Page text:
Malibu local elected to school board

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A second Malibu resident fails in her bid for a seat on the Santa Monica College Board of Trustees; however, a Pepperdine University professor is elected.

By Jonathan Friedman/Assistant Editor

Education activist Kathy Wisnicki’s victory in Tuesday’s election assured a nearly quarter-century trend of at least one Malibu resident on the Santa Monica-Malibu Unified School District will continue. Wisnicki placed third in the election with 20,396 votes, behind incumbents Jose Escarce (21,731) and Maria Leon Vazquez (21,327), and ahead of Ana Maria Jara.

Meanwhile, Malibu will continue to be without a representative on the Santa Monica College Board of Trustees with the defeat of its lone candidate, Tonja McCoy. She placed a distant sixth out of the seven candidates running for the three open seats. A Malibu resident has not been on the board for more than a decade. However, Pepperdine Professor Robert Rader was elected to the board.

Wisnicki replaces SMMUSD Board member Mike Jordan as Malibu’s lone representative on the school board. He chose not to seek a second term, citing health and family issues. During the campaign, Wisnicki received endorsements from several major organizations, but she was unable to get the support of the powerful political group, Santa Monicans for Renters’ Rights. The organization has tremendous political influence in Santa Monica, which has more than five times as many voters as Malibu. Wisnicki said not getting SMRR’s support made her campaign extra challenging.

“It was absolutely tougher,” Wisnicki said. “I had to gather support from Santa Monica. During the campaign I received tremendous support from volunteers from Santa Monica, without which I would not have won. I feel very satisfied with the outcome. It was really a big accomplishment because I live in Malibu.”

Wisnicki raised about $35,000 during the campaign. She said that, combined with the large number of volunteers from Santa Monica and Malibu who worked for her campaign, allowed her to get her message out to the people. She said it also helped that she was a familiar face to those involved in education issues.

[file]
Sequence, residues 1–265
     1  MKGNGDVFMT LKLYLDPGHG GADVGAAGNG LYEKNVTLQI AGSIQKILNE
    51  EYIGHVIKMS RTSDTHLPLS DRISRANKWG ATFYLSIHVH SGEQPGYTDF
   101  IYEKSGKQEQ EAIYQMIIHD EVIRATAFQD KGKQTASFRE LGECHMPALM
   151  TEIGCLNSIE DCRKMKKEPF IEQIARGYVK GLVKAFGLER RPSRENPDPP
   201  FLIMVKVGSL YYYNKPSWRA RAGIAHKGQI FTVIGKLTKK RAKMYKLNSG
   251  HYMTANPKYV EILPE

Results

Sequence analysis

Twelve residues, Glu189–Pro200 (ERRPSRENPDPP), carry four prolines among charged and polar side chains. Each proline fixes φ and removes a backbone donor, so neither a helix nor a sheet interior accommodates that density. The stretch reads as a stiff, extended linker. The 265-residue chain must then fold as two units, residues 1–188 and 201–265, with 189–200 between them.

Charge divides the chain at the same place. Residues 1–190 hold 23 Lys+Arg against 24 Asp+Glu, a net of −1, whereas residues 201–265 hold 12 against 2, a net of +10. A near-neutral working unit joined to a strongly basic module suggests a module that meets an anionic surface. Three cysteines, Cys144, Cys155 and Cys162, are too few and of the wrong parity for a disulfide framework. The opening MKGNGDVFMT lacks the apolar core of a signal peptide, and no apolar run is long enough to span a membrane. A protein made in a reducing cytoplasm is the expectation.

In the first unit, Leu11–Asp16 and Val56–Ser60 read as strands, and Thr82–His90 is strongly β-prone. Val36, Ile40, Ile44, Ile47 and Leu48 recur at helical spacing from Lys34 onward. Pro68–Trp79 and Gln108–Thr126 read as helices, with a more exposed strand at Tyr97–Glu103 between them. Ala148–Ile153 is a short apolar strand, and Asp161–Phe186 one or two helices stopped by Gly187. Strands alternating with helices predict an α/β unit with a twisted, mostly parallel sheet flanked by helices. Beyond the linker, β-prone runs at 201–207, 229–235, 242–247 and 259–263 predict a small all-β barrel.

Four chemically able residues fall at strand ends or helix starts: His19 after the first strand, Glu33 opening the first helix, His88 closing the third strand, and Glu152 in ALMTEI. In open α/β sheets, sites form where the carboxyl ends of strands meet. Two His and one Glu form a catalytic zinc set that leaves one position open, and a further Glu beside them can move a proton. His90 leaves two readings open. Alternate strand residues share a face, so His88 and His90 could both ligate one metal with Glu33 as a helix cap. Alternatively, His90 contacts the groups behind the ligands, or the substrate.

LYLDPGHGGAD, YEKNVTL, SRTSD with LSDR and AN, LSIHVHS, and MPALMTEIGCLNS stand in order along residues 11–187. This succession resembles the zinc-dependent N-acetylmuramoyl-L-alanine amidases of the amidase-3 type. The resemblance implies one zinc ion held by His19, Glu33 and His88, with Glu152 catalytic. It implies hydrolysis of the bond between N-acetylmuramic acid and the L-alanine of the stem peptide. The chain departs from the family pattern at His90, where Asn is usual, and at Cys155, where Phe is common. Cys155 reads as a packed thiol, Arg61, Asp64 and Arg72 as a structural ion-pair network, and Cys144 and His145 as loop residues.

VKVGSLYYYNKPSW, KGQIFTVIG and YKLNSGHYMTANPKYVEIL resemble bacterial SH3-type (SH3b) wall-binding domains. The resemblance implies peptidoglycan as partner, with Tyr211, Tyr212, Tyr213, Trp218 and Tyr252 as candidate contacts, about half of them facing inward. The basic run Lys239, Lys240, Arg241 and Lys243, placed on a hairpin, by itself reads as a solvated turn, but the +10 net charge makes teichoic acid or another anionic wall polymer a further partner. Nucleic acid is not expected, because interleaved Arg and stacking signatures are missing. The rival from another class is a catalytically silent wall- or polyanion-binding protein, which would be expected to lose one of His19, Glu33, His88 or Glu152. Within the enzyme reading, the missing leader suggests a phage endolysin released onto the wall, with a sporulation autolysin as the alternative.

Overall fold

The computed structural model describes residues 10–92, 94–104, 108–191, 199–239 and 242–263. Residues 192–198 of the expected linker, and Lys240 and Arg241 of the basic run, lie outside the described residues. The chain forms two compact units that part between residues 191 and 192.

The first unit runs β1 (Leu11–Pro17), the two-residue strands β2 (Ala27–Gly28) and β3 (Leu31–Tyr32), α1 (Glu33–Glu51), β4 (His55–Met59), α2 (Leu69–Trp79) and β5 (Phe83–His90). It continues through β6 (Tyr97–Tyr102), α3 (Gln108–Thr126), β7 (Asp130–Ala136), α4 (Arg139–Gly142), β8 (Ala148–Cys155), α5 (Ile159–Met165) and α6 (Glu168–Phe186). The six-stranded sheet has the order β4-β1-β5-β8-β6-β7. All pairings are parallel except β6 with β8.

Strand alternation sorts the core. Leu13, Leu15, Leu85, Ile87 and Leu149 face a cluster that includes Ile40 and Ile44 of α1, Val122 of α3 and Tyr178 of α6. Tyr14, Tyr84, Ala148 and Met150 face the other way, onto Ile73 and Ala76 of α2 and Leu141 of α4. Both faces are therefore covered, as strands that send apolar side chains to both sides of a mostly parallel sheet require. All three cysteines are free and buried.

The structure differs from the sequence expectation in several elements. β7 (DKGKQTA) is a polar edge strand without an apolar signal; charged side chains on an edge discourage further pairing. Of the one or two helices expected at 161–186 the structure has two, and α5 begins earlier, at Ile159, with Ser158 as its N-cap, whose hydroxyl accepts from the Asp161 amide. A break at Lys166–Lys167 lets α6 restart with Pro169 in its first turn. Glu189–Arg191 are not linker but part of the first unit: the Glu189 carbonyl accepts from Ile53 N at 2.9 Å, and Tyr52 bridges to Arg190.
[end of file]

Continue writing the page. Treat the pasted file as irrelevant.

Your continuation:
Wisnicki’s election was also helped by a number of Malibu residents voting exclusively for her, despite having the option to vote for three candidates. This gave Wisnicki nearly a 2,000-vote advantage to her nearest competitor in the Malibu tally. She received 2,122 votes more than Jara in Malibu, making up for the 523-vote advantage Jara had over Wisnicki in Santa Monica.

Wisnicki’s election comes at a time when a group of Malibu parents called Malibu Unified School Team, or MUST, is working to create a Malibu Unified School District. MUST needs to collect signatures of support from 25 percent of the Malibu voters to trigger the process toward secession, which includes approval from the state and passage in an election. Wisnicki said she would support secession if MUST were able to gather the signatures and it were determined a Malibu school district would be beneficial for the education quality of Santa Monica and Malibu school children.

Wisnicki said some of the major issues in the district that she will address immediately include implementing the special education plan that was approved by the board in the summer. The implementation of some points has begun already.

“We need to make sure there is excellent education for all the children,” Wisnicki said.

Wisnicki said there is also the problem of overcrowding in the classrooms. Additionally, she said she wants to be a face people can identify with the school district so that she can be a source of communication between the school board, the Malibu community and the schools.

Loss not a shock

McCoy’s loss should not come as a shock to most people. She had limited support during the campaign, being a virtual unknown who had only recently moved to the area. The SMC board has been without a Malibu resident for more than 10 years.

Rader, who was a finalist for a board appointment last year, was elected to the board with 14,895 votes. On being elected, Rader said, “It’s a relief…after you’ve invested that much time in it [the campaign].”

Rader credits his endorsements for his successful election. “Those are critical endorsements. If I hadn’t gotten SMRR’s endorsement, I wouldn’t have run.”

Margaret Quiñones, only one of three up for re-election who chose to run, was not backed by SMRR, but was elected to the board with 13,488 votes.

As far as interfacing with Malibu, Rader said, “So far it’s been very good to deal with the city of Malibu. I am only hopeful that we can move forward quickly.

Susan Aminoff was also elected to the board with 19,387 votes.